Managing Director for Individual Retirement, Standard Life
27 October 2023
4 min read
However, this only really worked if people shopped around and understood their options. And a ‘once and done’ annuity purchase was unlikely to fit most people’s circumstances.
The ripping up of the retirement rulebook in 2014 might have given people total freedom and choice but it hugely increased the complexity of retirement decision-making. At the same time, it opened up an opportunity to develop solutions that better fitted with people’s needs.
So what does the future look like? With annuities back in fashion thanks to recent rate increases, we think that people will increasingly use combined approaches to help secure their income. Meaning guaranteed portions of an income will be used to cover essential expenditure, with non-essential expenditure covered by drawdown. This allows people to balance out certainty and flexibility.
Furthermore, securing the guaranteed portion of the income could be undertaken in stages, to take advantage of improving annuity rates as people get older. As well as giving people flexibility, this could also act as a good inflation hedge.
This model could lead to better outcomes for people, both in terms of financial outcomes, but also giving people flexibility to adapt their approach as their plans change.
We believe that blended approaches will be the way forward as trustees and providers look to innovate in the ‘at retirement’ space. Solutions and approaches are evolving and developing, but where we really need to focus energy is on the choice architecture to help people with the decisions that they have to make. Access to advice is crucial here, but equally important is how we help and guide those that don’t access formal advice and what the potential role of default strategies could be to help anchor people’s decision-making in retirement.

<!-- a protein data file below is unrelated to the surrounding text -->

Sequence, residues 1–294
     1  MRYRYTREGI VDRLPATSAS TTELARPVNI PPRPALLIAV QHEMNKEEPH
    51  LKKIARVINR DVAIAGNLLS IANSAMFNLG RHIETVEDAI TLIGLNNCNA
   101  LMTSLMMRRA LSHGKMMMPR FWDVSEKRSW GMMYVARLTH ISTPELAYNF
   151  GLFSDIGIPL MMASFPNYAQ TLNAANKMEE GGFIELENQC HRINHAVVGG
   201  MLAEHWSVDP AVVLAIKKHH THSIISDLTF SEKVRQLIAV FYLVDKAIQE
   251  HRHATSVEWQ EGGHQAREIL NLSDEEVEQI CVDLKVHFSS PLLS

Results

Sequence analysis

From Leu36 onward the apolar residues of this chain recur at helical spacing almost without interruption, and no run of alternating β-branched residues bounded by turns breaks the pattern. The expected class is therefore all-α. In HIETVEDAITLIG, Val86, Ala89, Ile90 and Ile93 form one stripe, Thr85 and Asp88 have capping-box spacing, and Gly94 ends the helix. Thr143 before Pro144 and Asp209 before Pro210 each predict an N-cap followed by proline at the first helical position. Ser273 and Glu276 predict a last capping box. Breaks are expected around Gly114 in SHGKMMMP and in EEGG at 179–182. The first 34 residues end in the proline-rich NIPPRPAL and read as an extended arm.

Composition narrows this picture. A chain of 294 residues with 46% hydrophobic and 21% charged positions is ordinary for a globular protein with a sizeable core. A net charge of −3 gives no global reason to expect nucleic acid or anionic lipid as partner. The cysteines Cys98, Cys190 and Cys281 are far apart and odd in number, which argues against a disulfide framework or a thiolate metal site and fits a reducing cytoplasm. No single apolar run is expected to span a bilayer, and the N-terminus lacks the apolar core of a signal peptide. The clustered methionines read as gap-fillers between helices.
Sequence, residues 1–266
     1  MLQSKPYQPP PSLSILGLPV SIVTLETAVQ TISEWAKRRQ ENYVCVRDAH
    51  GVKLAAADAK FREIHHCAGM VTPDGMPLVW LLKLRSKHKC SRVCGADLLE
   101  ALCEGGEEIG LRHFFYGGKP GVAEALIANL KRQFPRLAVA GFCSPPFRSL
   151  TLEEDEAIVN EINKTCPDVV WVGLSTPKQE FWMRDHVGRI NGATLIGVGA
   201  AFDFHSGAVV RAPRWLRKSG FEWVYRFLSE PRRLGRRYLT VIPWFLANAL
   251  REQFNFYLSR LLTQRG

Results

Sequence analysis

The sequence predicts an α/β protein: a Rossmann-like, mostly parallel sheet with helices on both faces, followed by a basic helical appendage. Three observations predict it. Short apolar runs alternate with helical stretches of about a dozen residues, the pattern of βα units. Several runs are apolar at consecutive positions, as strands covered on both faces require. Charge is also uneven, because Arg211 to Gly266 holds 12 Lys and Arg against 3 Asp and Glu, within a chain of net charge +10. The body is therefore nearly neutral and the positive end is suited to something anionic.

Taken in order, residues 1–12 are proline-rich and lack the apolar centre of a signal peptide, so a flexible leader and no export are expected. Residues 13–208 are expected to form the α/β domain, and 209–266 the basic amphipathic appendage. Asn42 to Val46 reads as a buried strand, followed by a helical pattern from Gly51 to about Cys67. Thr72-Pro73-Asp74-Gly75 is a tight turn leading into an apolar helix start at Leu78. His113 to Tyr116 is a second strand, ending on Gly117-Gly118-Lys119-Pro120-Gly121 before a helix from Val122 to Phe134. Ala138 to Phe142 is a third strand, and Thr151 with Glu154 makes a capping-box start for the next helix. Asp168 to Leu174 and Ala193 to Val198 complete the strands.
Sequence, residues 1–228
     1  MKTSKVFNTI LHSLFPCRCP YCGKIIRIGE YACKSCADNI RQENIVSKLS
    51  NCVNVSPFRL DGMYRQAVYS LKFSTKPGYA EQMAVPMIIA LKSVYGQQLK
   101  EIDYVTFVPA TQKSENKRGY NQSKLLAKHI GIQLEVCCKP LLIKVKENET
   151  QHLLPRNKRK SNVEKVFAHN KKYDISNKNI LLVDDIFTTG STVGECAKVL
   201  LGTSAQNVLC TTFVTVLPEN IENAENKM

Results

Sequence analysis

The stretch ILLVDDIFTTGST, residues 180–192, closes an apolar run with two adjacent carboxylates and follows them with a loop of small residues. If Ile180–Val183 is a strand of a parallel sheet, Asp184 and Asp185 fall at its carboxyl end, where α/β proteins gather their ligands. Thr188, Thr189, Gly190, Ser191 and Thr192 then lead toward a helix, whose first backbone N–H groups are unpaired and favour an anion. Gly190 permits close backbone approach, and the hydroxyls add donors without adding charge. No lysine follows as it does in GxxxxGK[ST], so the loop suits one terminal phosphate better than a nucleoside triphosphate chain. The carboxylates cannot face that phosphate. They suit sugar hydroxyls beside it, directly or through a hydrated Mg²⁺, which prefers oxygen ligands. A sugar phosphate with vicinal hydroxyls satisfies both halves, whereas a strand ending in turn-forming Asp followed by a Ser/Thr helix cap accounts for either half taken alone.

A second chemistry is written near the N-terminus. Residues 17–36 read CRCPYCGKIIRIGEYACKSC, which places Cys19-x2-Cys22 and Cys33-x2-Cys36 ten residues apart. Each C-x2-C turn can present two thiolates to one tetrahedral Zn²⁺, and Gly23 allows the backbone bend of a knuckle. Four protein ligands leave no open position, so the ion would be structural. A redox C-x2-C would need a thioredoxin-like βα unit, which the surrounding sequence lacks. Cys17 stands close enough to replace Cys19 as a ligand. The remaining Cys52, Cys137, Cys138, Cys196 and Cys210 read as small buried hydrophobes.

We also need to think of retirement decisions as ongoing and move away from a ‘set and forget’ mentality. People don’t want to be making decisions on a yearly basis, but they do need flexibility to be able to adapt in a change of circumstances.
This will be a key challenge, especially as people get older and potentially become more vulnerable. But if we don’t crack this, then we’ll struggle to help people make the most of their pension savings.
To deliver great outcomes we need to innovate. ‘Freedom and choice’ is all very well but it doesn’t on its own deliver what people want more than anything – an income. We have to accept that as an industry we bear a responsibility to come up with solutions to help deliver a decent retirement.
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